So, while the history of slavery is ugly, we have moved forward. We should never stand still. We should advance in unison, and we should acknowledge progress when it is made. We should never be satisfied, but we should never be hateful. There are those who gain by fomenting dissension – race hustlers and ideologues. Apart from the power that comes with political success, there are others who gain, as Mr. Sowell wrote in the essay quoted above, “self-righteous satisfaction from denouncing other people.” We are a different people today than we were fifty and a hundred years ago. Almost eighty million have immigrated to the United States between 1865 and 2017. With their progeny, they account for about two thirds of the American population. Despite those who see us a “salad bowl” rather than a “melting pot,” our backgrounds are increasingly mixed. Most Americans do not solely descend from one nationality, but rather from multiples. The number of interracial marriages rose from 3% in 1967 to 17% in 2015. A 2017 Pew Research survey said that 39% of those surveyed felt that interracial marriages were good for society, up from 10% in 2010. So, while if one only listened to politicians, one might conclude we are more segregated than we were a few years ago, while the opposite is true. At a hearing on reparations in mid-June, Senator Cory Booker said: “As a nation, we have yet to truly acknowledge and grapple with the racism and white supremacy that tainted this nation’s founding and continues to cause persistent and deep racial disparities and inequalities.” This is an odd statement from a man who is a product of a mixed heritage, grew up in middle class environs, captained the Stanford football team, won a Rhodes Scholarship and graduated from Yale Law School. Kamala Harris’ call for reparations was even more conflicted: as her father, a professor of economics at Stanford, noted, she is a descendant of slave owners in Jamaica.

In the demand for reparations, a comparison can be drawn with the radicals of the French Revolution. In Reflections on the Revolution in France, Edmund Burke took aim at the seizure of property belonging to the Catholic Church. The revolutionaries who seized the property were not, as Liam Warner wrote recently in The Wall Street Journal, “avenging the vices of the current clerical generation;” they were “seeking retribution for centuries of crimes.” Mr. Warner concluded his op-ed: “Our efforts would be better spent directing the future than auditing the past.”

One of my eight great-great grandfathers, George Augustine Washington, as proprietor of a tobacco farm in Tennessee, was a slave owner. Because he sired a son, Granville Washington, around 1830, I have African American cousins, one of whom, John Baker, Jr., authored a well-received history of his family, The Washingtons of Wessyngton Plantation[1]He wrote toward the book’s conclusion: “African American descendants from Wessyngton now live all over America. They became physicians, lawyers, poets, teachers, civil rights activists, ministers, painters, artists, authors, bankers, brokers, professional athletes, movie stars, airplane pilots, business owners, accountants, genealogists, writers, singers, entertainers, policemen, and government and public officials.” They are part of the fabric of America. This is the spirit of America we should celebrate – the strides made by descendants of those once enslaved – not the separation of people into compartments that serve the interests of a few politiciansThere is more to be done, but as Thomas Sowell wrote, a call for reparations is an empty promise.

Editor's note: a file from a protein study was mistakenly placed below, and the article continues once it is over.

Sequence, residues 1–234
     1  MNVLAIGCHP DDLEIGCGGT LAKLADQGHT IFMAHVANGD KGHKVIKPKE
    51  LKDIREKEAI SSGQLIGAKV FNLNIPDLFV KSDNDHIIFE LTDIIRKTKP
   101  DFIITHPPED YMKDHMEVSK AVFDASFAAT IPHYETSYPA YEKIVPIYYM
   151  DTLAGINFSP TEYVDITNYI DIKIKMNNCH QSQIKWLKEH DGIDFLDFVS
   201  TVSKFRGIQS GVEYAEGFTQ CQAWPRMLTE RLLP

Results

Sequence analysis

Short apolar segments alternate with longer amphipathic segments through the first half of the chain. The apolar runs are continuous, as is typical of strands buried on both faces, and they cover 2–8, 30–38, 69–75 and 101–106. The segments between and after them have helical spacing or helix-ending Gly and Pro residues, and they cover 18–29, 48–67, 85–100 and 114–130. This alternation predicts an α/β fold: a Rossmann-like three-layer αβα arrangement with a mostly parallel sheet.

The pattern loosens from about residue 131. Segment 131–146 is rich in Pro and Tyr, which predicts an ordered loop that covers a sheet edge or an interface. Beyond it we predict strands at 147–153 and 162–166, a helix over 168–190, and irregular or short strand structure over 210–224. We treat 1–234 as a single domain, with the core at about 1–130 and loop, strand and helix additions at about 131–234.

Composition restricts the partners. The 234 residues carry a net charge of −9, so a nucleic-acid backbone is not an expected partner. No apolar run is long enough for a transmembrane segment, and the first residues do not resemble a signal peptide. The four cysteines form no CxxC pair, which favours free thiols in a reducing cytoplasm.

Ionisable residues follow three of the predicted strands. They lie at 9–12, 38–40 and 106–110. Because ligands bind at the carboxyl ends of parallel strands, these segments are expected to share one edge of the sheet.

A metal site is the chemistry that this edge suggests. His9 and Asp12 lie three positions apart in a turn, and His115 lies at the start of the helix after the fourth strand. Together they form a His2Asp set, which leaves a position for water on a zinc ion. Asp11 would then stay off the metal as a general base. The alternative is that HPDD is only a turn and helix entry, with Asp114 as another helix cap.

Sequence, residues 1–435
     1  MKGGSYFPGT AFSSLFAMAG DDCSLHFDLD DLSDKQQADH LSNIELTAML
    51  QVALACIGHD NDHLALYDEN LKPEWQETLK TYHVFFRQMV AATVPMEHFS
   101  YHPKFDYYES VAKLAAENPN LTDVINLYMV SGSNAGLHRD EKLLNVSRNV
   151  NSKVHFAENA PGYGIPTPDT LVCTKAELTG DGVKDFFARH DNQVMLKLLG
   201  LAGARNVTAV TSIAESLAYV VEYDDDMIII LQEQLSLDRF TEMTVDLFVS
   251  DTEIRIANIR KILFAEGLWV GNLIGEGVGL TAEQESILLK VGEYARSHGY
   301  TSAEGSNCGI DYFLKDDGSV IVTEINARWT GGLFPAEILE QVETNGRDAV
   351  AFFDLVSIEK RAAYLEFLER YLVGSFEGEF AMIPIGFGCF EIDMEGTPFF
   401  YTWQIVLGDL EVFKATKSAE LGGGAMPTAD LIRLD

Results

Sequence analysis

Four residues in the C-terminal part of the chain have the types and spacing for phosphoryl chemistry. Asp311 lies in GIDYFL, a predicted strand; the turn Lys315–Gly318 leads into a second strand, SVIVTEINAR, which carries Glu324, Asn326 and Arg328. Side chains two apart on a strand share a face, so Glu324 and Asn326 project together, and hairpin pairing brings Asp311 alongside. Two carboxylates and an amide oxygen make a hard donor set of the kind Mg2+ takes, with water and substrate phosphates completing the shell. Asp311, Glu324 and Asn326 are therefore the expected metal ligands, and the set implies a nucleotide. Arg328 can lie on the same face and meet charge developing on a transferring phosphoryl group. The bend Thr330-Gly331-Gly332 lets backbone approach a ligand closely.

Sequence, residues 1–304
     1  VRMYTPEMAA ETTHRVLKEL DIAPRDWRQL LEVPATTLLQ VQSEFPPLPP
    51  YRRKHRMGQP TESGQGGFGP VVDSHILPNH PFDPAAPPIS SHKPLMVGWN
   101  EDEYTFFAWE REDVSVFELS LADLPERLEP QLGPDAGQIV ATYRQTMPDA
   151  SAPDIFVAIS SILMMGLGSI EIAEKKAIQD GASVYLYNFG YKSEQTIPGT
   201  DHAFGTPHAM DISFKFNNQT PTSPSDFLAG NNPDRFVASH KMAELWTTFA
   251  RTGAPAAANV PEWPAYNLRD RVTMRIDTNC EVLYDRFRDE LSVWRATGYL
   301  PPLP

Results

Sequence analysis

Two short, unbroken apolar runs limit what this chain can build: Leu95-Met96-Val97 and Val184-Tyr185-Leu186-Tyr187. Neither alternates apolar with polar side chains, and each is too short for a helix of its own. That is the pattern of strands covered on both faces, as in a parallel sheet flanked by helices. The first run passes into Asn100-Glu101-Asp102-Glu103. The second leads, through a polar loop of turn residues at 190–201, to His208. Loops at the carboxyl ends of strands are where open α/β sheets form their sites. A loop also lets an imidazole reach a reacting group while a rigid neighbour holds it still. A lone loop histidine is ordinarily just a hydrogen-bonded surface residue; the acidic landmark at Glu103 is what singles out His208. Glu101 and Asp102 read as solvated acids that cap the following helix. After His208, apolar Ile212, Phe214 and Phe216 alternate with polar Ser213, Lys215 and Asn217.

[1]The Washingtons of Wessyngton Plantation, John Baker, Jr., Atria Books, 2009.

Wednesday, July 10, 2019

Review: "Conservatism," by Sir Roger Scruton

Sydney M. Williams

Thought of the Day
Review: “Conservatism,” by Sir Roger Scruton
July 10, 2019

Conservatives are not reactionaries. As Burke said, ‘we must reform in order
 to conserve,’ or, in more modern idiom: we must adapt. But we adapt to change
 in the name of continuity, in order to conserve what we are and what we have.”
                                                                                                Conservatism, 2017
                                                                                                Roger Scruton (1944-)
                                                                                                Philosopher and Writer

Labels are misleading. The terms “liberal” or “conservative” confuse substance with abstractions. To paraphrase Humpty Dumpty, labels mean whatever we want them to mean. If told I am conservative is it meant I am a tightwad in fiscal matters? Does it mean I favor martial law to a democratic process?Does it mean I am antediluvian in cultural ways? Does it mean I am anti-progress, preferring the past to the futureDoes it mean I am racist, xenophobic or misogynist?Does it mean all, or none of the aboveI know what I mean when I claim to be conservative, but do others?  For me, conservativism is about freedom – free to speak, write, assemble and pray. But it also includes respect for tradition and for the opinions of others; being responsible for one’s actions and accountable to other. It means a belief in the ideals expressed in the Declaration of Independence and in our Constitution and Bill of Rights, and a commitment to values, like honor and duty. I believe strongly in family and in loyalty, and that the Constitution provided freedom for religion, not from religion. I believe government is an instrument of the people, not the other way around; that we must be ruled by laws, not men; it assumes a vigorous military, but one reflective of the nation’s citizens and under the control of a civilian president; it is the welcoming of legal immigrants and those legitimately seeking asylum; and it is an understanding that debt, while having useful purposes, when excessive has consequences, including political pressure to keep interest rates artificially low.